The Disconnect When You Double Tap

Anne Dalton, Managing Editor

It has been two hours… you have disciplined yourself to not check your phone and notification after notification goes across the screen. 50 snapchats, 200+ likes on your most recent post, 5 retweets, and a tag on facebook.

The average teenager is spending approximately nine hours a day on their phones.  What could they possibly be doing and how is it affecting the brain? The extensive amount of time teenagers are spending on some sort of social media platform is altering how their brain is growing.

Teenagers and young adults have always done and continue to do risky things because sometimes it can be fun and exciting for a young mind.  However, the advent of social media has introduced a new social dynamic to those going through the crazy journey of adolescence.

The so called ‘social media challenges’ are quickly embraced by strangers through screens. The challenges target the younger population. Many of the challenges are harmless, but some can be dangerous and can have deadly consequences.

The blue whale challenge is one of the deadliest yet.  Video game participants are assigned a series of tasks that start off simple such as listening to music and watching horror movies.  As days go by, the tasks become increasingly more difficult to the point where a player stays up all night and is instructed to cut the skin in the shape of a whale onto their arm.  The fiftieth task and end to the game is for the player to commit suicide.

Among these tragic trends, the Bird Box challenge is an idea lurking in people as they are blindfolding themselves like the characters in the movie to protect themselves from a dangerous monster.  Participants are blindfolding themselves while doing normal activities such as walking and driving, which is negatively putting themselves and others in danger.

Greater Latrobe School District is taking a proactive approach to control the viral Momo challenge hoax that is scaring children over the media.  Momo is a doll sculpture with long hair and bulging eyes, which is the work of Link Factory, a Japanese special effects company. The Momo challenge is described as a “suicide game” that has gone viral on messaging services like WhatsApp and even children’s programs like Peppa Pig.  Momo encourages children to attempt dangerous stunts through messages and commands. “Parents of students in grades four and five at the elementary schools are being educated about what their children are being exposed to,” said Director of Pupil Services Laurie Golobish. “Eight and nine year olds are starting to get cellphones and it is important that parents are aware of what is online and how to talk to their children about it.”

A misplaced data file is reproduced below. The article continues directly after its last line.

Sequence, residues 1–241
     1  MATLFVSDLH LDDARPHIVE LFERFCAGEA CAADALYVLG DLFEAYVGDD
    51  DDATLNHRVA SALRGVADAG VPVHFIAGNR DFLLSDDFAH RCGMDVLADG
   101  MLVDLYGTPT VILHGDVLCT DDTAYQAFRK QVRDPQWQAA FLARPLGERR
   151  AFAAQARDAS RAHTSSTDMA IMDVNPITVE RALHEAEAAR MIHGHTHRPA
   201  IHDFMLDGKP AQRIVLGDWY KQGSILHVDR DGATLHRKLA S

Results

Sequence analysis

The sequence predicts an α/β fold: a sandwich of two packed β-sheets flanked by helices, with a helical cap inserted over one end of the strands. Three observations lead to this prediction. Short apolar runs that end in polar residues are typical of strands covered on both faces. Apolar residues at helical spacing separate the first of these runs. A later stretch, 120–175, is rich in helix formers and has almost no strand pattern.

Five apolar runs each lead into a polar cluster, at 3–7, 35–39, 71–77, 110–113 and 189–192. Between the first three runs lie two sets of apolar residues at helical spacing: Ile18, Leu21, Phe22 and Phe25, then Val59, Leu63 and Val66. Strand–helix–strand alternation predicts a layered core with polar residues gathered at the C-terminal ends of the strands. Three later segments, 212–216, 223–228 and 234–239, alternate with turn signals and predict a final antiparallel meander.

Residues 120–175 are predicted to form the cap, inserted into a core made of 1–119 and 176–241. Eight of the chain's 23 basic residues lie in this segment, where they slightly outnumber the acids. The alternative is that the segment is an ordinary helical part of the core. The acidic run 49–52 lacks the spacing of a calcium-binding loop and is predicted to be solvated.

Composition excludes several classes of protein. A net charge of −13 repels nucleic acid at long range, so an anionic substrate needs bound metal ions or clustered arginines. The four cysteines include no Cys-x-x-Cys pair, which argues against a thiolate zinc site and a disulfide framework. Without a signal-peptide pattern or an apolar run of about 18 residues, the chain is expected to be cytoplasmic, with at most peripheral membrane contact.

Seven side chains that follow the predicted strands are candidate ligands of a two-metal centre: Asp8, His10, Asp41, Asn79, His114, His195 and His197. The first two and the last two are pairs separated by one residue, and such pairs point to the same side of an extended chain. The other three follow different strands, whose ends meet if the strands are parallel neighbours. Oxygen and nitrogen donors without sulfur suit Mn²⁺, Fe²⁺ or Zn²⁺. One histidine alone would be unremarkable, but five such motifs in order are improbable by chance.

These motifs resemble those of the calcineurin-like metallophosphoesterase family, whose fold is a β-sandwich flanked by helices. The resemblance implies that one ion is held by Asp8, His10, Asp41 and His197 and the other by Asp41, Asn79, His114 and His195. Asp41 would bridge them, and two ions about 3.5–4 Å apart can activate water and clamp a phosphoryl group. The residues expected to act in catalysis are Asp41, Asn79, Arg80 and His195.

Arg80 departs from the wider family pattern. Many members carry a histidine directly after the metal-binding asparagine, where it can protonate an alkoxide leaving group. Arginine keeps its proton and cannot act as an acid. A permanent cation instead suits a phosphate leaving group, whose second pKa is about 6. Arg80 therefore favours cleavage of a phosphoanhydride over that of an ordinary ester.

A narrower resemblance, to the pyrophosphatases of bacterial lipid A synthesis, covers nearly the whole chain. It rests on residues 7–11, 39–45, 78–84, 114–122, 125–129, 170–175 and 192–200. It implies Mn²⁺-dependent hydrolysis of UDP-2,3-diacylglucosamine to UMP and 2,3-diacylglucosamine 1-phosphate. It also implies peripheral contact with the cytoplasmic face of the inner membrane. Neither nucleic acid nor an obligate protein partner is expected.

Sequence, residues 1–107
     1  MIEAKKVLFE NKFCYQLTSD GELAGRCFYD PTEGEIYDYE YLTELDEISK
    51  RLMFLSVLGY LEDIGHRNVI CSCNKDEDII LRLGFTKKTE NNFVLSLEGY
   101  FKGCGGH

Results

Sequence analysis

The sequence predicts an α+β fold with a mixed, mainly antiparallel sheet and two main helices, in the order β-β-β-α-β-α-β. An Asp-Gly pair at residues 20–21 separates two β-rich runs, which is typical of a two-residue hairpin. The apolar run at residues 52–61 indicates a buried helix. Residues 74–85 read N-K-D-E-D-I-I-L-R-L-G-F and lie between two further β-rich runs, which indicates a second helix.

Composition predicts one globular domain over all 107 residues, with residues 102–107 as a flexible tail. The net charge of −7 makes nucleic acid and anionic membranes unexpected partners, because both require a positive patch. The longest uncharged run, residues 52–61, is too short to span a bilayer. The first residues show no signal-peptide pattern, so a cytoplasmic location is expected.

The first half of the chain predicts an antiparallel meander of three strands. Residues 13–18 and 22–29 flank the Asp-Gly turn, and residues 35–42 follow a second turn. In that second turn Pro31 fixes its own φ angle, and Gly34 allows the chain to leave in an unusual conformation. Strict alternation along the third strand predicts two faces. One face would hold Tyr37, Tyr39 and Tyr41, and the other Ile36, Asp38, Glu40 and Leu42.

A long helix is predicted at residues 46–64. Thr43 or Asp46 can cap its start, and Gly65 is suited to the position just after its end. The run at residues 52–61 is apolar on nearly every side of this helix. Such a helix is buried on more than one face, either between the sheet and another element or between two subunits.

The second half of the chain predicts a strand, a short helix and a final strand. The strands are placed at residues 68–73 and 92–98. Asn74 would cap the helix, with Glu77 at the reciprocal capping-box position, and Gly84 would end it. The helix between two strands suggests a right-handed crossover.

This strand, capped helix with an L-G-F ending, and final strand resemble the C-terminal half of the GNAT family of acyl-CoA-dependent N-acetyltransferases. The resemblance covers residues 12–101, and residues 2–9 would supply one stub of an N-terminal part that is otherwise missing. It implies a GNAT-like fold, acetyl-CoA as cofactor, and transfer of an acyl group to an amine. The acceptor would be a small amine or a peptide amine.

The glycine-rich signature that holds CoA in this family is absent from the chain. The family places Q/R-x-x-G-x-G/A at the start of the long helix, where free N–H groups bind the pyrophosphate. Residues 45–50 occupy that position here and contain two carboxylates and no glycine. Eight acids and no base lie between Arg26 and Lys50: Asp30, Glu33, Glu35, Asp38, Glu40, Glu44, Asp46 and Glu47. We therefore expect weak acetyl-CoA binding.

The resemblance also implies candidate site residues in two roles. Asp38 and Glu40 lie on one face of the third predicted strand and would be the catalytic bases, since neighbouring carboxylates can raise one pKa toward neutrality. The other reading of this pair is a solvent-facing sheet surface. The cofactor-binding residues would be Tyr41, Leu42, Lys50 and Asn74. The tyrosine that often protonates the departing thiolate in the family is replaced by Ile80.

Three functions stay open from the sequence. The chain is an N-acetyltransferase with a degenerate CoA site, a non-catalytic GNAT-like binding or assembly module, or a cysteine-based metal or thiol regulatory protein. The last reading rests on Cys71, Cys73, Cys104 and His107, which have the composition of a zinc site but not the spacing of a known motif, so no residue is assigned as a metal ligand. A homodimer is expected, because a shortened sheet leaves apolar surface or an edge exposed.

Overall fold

Yet another end of the extreme, video games are influencing self harm and causing depression, which is a step towards suicide.  Teenagers are becoming obsessed with games like Fortnite, Call of Duty, and others. Some video games have caused high amounts of frustration and has led some users to become involved with drugs and make other impulsive decisions in order to stay awake and continue playing.  Violence brought to light in video games is having more of an effect on young people than what one may think. The reality is that publishing and media companies such as TribLive and Forbes have projected stories putting the correlation between violent video games and mass school shootings into question.

According to the American Psychological Association, “Humans are born with an innate capacity to imitate.  So it doesn’t seem too surprising that the violence viewed as a child can become encoded in such strength as to influence their behavior 15, 30, or maybe even 40 years down the road.”  When children or young adults are exposed to violence, the likelihood of possessing similar actions is increased.

Due to the prevalence of social media and its common adoption, kids of all ages are being exposed to many things, the good and the bad. The teenage years are when the brain is very vulnerable to the downsides of social media. That is also a time when teenagers feel drawn to risk-taking and are most susceptible to peer pressure. The adolescence period is a crucial point in one’s life as it is important for social learning, which may be why a teenager is very up-to-date with the trendy social culture consisting of things from social media challenges to new video games or apps.

The prefrontal cortex in the brain, which is responsible for impulse control is not completely developed until the age of 25.  Lack of control and the eagerness to see the world at the adolescence age brings both the positives and the negatives.

The constant exposure affects the brain and the actions that follow. Most healthcare professionals are not advocating for “digital abstinence,” but say that it is important [for parents] to be aware of the online culture and the lifelong effects it is having.  “There’s a lot of bullying on social media in terms of putting other people down,” said Social Studies Instructor Todd Simpson. “There have also been connections found with teen suicides and problems with bullying whether it be cyberbullying or in-person, physical.”